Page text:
Unfortunately, there are occasions where teeth are un-restorable or un-saveable. This means that we need to extract the teeth. This can also be required for wisdom teeth when they cause recurrent pain and infection.
Extractions are generally simple procedures that can usually be performed with little discomfort. The procedure can be performed under local anaesthesia or general anaesthesia. Your surgeon will advise you on the type most appropriate for your needs.
Sometimes if the teeth are particularly stubborn or they are impacted (buried in the jaw bone), they require a small surgical procedure.
The surgery involves uncovering the tooth by lifting the overlying gums aside to expose the tooth and bone. The tooth may need to be sectioned in order to remove it. The gums are then stitched back.
After surgery, some minor bleeding from the wound can be expected, which can be controlled by biting on a piece of gauze over the operation area for about half an hour. Facial swelling and discolouration of the overlying skin will also develop, increasing for the first 72 hours and subsiding thereafter. You may not be able to open your mouth as wide as usual for a few days.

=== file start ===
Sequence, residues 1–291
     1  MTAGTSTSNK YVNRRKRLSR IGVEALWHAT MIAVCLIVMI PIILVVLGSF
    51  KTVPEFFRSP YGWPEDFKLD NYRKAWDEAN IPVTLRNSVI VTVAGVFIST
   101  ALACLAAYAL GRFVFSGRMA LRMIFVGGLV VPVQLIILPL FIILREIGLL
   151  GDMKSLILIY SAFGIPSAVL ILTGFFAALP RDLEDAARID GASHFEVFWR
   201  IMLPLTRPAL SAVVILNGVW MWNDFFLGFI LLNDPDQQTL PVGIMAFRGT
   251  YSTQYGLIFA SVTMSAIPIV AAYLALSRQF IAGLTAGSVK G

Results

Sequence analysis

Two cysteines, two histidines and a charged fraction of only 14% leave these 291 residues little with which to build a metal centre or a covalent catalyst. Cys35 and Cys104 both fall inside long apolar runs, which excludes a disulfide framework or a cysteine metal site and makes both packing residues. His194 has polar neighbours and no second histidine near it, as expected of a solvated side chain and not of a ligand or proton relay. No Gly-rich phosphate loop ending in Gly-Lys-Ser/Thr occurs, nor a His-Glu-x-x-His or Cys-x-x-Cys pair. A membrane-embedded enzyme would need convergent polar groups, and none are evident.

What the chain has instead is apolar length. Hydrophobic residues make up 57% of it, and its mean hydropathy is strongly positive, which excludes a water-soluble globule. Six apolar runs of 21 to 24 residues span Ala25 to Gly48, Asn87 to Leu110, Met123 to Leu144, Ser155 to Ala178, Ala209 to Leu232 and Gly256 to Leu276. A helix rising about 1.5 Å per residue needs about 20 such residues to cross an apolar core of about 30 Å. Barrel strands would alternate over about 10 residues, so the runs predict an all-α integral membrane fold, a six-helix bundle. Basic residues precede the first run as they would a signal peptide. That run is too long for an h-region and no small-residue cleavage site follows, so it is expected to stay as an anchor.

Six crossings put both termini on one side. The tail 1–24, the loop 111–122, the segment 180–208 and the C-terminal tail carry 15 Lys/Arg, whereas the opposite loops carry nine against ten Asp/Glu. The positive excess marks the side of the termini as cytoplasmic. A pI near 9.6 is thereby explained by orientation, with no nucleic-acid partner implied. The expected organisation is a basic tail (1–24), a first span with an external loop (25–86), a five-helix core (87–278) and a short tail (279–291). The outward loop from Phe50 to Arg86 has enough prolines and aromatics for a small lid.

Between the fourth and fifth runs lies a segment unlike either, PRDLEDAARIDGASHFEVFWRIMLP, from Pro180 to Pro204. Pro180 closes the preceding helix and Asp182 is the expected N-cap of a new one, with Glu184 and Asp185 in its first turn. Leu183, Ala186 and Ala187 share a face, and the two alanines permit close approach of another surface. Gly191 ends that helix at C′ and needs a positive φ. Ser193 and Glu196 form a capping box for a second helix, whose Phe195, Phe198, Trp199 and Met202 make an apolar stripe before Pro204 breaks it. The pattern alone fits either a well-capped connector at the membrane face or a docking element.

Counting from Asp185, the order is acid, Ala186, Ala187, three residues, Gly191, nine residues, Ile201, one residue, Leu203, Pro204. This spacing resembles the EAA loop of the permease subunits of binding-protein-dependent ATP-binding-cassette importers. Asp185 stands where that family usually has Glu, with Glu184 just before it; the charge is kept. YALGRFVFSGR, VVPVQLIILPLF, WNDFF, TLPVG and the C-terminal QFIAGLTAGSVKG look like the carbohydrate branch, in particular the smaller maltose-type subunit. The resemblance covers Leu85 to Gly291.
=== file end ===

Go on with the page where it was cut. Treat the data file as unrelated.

Painkillers, antibiotics and an antiseptic mouthwash are usually prescribed after the surgery. You will be advised to maintain good oral hygiene and also to keep to a soft diet for a few days following surgery.
Routine Extractions are carried out by any dentist in the practice.
If they are particularly tricky or more complex, we are fortunate enough to have a Specialist Oral Surgeon, Mr John Tighe, who can remove the teeth quickly and effectively for you. He is very gentle and has years of experience to help you feel at ease.
He is able to carry out most Oral Surgery Procedures, including Wisdom Tooth Extractions, Apicectomies (root surgery) and Implant Surgery.